The Windsor-Detroit Bridge Authority (WDBA) has selected three teams to submit proposals to design, build, finance, operate and maintain the Gordie Howe International Bridge.
The news marks another milestone in a process that began in 2012 when the Authority was established to procure what Canada’s ministry of transport describes as “the largest and most ambitious binational border infrastructure project along the Canada – US border.”
The three consortia invited to advance to the Request for Proposals (RFP) stage are Legacy Link Partners, comprising John Laing, Vinci Concessions and SNC Lavalin; Bridging North America, a consortium that teams ACS Infrastructure Canada with Fluor Canada; and CanAm Gateway Partners, comprising Fengate Capital Management, EllisDon Capital and Bechtel Development.
According to a statement released by WDBA, public and private-sector experts evaluated the initial six submissions based on the following criteria: respondents’ approach to partnering including experience with community benefit plans and engaging with indigenous people; design; construction, including making timely payments to sub-contractors; operation and maintenance; tolling; and financials.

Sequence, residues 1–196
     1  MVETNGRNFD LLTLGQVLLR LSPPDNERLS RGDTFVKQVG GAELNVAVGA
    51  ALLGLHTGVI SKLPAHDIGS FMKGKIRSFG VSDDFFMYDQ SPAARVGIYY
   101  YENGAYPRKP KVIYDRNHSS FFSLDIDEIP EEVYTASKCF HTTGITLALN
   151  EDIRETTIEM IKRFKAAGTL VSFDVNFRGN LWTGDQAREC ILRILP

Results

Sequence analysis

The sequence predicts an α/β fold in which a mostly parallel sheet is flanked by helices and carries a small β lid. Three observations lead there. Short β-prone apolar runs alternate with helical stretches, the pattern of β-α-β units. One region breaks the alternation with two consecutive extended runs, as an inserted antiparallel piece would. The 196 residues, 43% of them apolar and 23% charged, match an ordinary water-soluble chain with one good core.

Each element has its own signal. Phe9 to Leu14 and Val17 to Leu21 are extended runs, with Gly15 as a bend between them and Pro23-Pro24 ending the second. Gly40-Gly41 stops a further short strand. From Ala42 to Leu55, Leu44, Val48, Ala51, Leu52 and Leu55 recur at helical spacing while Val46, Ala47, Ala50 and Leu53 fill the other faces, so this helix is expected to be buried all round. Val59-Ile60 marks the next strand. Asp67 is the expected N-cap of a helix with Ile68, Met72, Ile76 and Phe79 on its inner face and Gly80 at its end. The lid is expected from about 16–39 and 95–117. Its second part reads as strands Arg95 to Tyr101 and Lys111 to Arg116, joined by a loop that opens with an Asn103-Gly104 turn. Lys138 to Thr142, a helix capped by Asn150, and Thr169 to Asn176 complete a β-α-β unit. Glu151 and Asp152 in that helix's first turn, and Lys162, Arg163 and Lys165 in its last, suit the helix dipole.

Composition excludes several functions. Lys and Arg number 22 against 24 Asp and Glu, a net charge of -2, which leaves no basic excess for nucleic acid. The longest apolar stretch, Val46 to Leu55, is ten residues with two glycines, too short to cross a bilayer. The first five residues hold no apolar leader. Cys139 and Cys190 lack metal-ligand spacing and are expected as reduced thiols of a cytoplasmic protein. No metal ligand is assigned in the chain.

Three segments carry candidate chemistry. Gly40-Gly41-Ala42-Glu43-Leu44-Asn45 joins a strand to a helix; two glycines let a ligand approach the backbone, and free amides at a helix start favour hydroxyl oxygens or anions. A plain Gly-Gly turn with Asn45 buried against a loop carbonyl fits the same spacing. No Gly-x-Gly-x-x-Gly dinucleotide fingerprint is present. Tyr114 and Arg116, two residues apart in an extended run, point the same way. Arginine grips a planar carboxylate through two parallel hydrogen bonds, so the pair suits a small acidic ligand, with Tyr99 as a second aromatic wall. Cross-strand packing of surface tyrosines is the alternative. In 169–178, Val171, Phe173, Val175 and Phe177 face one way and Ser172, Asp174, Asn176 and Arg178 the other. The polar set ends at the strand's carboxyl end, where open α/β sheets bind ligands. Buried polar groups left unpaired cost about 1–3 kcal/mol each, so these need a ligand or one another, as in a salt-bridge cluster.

The project, also known as the New International Trade Crossing, is being developed jointly by the Canadian government and the US state of Michigan since one point of entry is located in the US state of Michigan while the other is in Windsor, Ontario. It will receive funding from Canada, which has already committed C$631 million (€407.2 million; $441.5 million), as well as from the US government and through a public-private partnership (PPP; P3) agreement.
There are four major infrastructure components to the project – a six-lane bridge, border inspection points at both the Canadian and US points of entry, and an interchange connection to Interstate 75 in Michigan.
Established in 2012, WDBA, in addition to managing the procurement process, will also oversee the work of the PPP, manage the concession agreement and payments, and set and collect tolls.
According to Transport Canada, the country’s ministry of transport, the Detroit-Windsor crossing is the most important trade artery and the busiest commercial land border crossing in North America, handling 28 percent of Canada-US trade.